Investment advisors and investment companies continued to be the lead target of all Securities and Exchange Commission enforcement proceedings, accounting for a whopping 34% of the actions the SEC brought in fiscal year 2019, according to an enforcement annual report released today.

Advisor enforcements were up some 12% in the past year, the Division of Enforcement said. In contrast, broker-dealers accounted for 7% of SEC enforcements in FY 2019, down from 13% in FY 2018.

In all, the SEC brought 862 enforcement actions –526 of which were “standalone” actions–and obtained judgments and orders totaling more than $4.3 billion in disgorgement and penalties.Of the $4.3 billion, the SEC returned roughly $1.2 billion to harmed investors.

 “The report confirms that enforcement continues to be a priority of the SEC,” said John Berry, a former SEC regulator and now partner in the Los Angeles office of Munger, Tolles & Olson, LLP.

“Many had predicted that, given the change in administration and the government shutdown earlier this year, SEC enforcement activity would drop this year. They were wrong.”

The report also shows that the focus of SEC Chair Clayton on the retail investor has had a real impact on the Enforcement Division – the main cases the SEC brought in SEC were cases involving offering frauds and cases against investment advisors, noted Berry, who was associate regional director in the SEC’s Los Angeles office until earlier in 2019.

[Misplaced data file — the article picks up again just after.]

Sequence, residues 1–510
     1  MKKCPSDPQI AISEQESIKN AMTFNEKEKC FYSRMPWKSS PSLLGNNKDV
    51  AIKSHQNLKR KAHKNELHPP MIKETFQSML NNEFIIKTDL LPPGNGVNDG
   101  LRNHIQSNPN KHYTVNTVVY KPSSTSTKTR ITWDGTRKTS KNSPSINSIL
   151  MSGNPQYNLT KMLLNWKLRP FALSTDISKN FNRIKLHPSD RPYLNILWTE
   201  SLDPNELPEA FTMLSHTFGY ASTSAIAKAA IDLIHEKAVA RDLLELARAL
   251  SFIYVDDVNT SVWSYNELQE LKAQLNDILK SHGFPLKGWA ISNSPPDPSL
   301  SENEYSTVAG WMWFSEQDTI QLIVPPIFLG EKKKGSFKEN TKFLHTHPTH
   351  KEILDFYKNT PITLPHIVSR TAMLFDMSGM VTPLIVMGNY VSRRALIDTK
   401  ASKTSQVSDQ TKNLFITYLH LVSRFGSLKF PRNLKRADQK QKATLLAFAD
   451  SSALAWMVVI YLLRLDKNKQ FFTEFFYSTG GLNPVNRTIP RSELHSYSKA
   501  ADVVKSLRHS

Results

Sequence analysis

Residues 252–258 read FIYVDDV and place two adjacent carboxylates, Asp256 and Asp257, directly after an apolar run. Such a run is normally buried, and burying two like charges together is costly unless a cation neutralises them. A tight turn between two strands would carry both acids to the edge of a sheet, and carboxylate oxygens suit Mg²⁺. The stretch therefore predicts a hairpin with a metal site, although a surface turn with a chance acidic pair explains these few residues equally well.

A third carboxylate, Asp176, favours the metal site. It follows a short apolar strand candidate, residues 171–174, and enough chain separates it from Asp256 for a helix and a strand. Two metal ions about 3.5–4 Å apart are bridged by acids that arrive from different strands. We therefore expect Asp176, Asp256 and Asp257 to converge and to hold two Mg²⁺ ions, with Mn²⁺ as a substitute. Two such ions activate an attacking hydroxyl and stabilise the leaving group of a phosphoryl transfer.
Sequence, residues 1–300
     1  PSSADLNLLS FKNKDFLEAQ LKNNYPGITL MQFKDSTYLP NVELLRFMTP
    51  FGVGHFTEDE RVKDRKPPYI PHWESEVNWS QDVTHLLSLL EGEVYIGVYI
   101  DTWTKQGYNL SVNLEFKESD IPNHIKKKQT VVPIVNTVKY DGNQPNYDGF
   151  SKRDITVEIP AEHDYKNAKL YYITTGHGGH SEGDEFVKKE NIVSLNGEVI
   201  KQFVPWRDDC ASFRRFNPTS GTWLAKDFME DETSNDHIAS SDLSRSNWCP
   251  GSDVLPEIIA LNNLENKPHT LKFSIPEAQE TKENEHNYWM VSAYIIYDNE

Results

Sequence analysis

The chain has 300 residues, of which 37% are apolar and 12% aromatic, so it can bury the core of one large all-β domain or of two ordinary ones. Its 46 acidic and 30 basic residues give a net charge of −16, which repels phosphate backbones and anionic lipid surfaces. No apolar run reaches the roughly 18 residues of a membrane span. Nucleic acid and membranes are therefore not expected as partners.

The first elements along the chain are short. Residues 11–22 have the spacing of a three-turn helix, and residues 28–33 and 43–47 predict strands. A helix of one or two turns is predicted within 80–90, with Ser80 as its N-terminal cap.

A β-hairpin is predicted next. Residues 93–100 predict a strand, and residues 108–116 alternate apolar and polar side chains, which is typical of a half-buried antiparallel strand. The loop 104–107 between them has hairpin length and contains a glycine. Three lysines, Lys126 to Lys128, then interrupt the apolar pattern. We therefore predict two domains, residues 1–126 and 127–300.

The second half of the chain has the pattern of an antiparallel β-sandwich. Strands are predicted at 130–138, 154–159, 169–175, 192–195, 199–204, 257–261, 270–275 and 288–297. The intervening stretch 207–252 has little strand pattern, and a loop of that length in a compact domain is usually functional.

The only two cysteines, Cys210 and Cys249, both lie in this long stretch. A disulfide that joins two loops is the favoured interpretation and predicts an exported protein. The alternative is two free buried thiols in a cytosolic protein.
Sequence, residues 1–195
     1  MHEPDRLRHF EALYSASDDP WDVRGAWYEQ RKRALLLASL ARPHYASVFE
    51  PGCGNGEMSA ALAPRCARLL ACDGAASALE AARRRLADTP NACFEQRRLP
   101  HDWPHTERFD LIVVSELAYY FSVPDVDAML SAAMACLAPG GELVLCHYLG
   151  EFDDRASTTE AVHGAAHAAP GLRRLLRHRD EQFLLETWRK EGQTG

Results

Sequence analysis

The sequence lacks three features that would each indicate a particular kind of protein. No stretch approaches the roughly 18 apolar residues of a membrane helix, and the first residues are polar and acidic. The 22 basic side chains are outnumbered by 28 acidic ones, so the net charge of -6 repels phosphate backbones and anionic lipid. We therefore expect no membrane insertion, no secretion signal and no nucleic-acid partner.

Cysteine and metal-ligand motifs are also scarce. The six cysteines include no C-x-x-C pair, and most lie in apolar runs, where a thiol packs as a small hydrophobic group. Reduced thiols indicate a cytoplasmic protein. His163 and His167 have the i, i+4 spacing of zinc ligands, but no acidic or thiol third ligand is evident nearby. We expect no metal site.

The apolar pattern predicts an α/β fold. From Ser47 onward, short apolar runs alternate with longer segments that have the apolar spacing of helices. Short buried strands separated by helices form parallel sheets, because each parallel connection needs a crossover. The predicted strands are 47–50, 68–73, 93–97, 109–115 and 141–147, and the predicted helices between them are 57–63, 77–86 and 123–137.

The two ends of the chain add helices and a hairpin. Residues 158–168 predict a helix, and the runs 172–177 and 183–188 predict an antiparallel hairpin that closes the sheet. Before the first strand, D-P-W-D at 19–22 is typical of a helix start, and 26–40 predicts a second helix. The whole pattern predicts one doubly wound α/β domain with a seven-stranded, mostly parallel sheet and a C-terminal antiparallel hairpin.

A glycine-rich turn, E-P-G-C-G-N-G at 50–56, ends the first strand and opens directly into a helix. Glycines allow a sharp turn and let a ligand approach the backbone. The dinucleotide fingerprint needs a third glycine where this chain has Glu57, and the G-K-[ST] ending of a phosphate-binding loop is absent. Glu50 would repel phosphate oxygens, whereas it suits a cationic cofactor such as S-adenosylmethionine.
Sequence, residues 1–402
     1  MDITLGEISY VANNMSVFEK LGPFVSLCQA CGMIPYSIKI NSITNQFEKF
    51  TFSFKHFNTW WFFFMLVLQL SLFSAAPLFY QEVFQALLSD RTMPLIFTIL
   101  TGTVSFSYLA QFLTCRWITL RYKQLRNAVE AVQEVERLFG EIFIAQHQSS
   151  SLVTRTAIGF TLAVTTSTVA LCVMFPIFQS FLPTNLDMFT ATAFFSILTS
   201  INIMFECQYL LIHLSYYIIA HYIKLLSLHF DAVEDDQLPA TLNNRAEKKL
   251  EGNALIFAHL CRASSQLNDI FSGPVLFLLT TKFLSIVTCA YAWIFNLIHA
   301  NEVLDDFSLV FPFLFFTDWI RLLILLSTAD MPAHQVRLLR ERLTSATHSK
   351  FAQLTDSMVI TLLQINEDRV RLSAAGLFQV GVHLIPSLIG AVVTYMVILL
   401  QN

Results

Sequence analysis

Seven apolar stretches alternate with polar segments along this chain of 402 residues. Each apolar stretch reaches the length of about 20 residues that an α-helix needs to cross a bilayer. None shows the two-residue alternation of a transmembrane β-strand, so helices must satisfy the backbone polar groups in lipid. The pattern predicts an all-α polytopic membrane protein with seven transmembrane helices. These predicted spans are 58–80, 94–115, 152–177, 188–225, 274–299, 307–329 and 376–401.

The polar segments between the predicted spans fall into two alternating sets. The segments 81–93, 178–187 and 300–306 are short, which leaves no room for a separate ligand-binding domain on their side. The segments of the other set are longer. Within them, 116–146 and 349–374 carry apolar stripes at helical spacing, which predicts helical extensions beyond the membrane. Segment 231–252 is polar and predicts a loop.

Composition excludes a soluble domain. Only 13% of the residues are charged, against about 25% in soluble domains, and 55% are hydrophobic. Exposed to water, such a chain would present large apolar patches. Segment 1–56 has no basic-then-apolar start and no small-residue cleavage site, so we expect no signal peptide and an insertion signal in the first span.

“Those are the kinds of cases that have the biggest impact on the ‘Main Street’ investor that Chair Clayton has made a priority,” he added.

The total monetary relief the SEC awarded rose $404 million, a 10% increase over FY 2018, the division reported.

The size of penalties and disgorgements also increased aggressively, year over year. The median disgorgement ordered in FY 2019 was $694,663, up from $454,177 a year earlier. The median penalty hit the $200,000 mark, up from $160,000 in FY 2018.

The results “reflect the division’s focus on rooting out misconduct that can do significant harm to investors and our markets, and the focus the division places on identifying wrongdoing and taking prompt action to effectively help harmed investors,” SEC Chairman Jay Clayton said in a statement.

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